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Molar Enthalpy

  1. Dec 1, 2011 #1
    Okay so I think I know what I'm doing, but I have a lab tommorow and I have to use Hess's Law to find the total enthalpy change of Mg(s)+1/2O2(g)-->MgO(s). I know how to do that but during my lab tommorow I have to find the enthalpy change of 2 reactions. First, Mg(S)+2HCL(aq)-->H2(g)+MgCl2(aq), using 0.5g of magnesium and 100.0 ml of 1.00 mol/L. So, I should record the temperature change of the original HCl, then the temperature of the MgCl2 afterwords and record the temperature change (this is a high school lab, so it doesn't matter that some energy is lost to surroundings). I understand all the formulas but I'm confused which one is the limiting reagent, which would influence which one I use in the q=mcΔT and which value I would use for the amount of moles. So, from what I have so far, I have ΔH(sol)=(0.5g+100.0g)(4.18 J/g°C)(ΔT)/the moles of the Mg, which is 0.021 (assuming the specific heat capacity of HCl is 4.18 J/g°c)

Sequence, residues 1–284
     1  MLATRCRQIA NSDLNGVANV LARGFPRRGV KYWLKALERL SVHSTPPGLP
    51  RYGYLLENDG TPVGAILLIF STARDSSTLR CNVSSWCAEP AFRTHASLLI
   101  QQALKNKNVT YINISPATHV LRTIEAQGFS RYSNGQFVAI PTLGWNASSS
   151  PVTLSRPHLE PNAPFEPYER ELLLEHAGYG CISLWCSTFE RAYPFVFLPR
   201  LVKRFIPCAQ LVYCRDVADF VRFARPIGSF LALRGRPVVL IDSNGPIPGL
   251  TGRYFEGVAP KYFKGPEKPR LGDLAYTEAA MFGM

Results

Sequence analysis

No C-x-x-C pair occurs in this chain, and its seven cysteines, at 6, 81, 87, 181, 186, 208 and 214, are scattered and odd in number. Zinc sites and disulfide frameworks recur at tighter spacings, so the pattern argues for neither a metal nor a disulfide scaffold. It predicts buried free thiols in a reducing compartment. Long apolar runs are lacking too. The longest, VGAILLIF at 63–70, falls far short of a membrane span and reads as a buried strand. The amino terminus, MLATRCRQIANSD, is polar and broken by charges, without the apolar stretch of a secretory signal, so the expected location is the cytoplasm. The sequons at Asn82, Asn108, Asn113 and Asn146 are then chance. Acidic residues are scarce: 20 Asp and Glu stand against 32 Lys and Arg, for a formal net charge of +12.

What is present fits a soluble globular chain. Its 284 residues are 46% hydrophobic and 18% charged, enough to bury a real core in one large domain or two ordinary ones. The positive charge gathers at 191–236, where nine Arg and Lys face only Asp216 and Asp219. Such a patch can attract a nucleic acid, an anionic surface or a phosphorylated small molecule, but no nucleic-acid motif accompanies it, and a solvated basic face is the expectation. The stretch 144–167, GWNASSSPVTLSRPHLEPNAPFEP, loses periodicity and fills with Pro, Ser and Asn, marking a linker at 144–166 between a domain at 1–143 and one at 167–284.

Also, same question for the nest equation, MgO(s)+2HCl(aq)-->H2O(l) + MgCl2(aq)... which value should I use for m and which for the n?

    Sorry for the long question, but thanks for any input. I know the text is long, but to sum it up, how do you decide in a chemical reaction which reactant to use in the molar enthalpy equations to find the correct molar enthalpy? Thank you.
  2. jcsd
  3. Dec 1, 2011 #2
    Sorry, for the second equation, there is 1.0g magnesium oxide and 100.0 mL of 1.00 mol/L HCl.
  4. Dec 2, 2011 #3


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    Staff: Mentor

    Calculate how much HCl is needed for a 1g of Mg to react. If what you get is less than the amount of HCl present, Mg is a limiting reagent. If what you get is more than the amount of HCl present, HCl is the limiting reagent.
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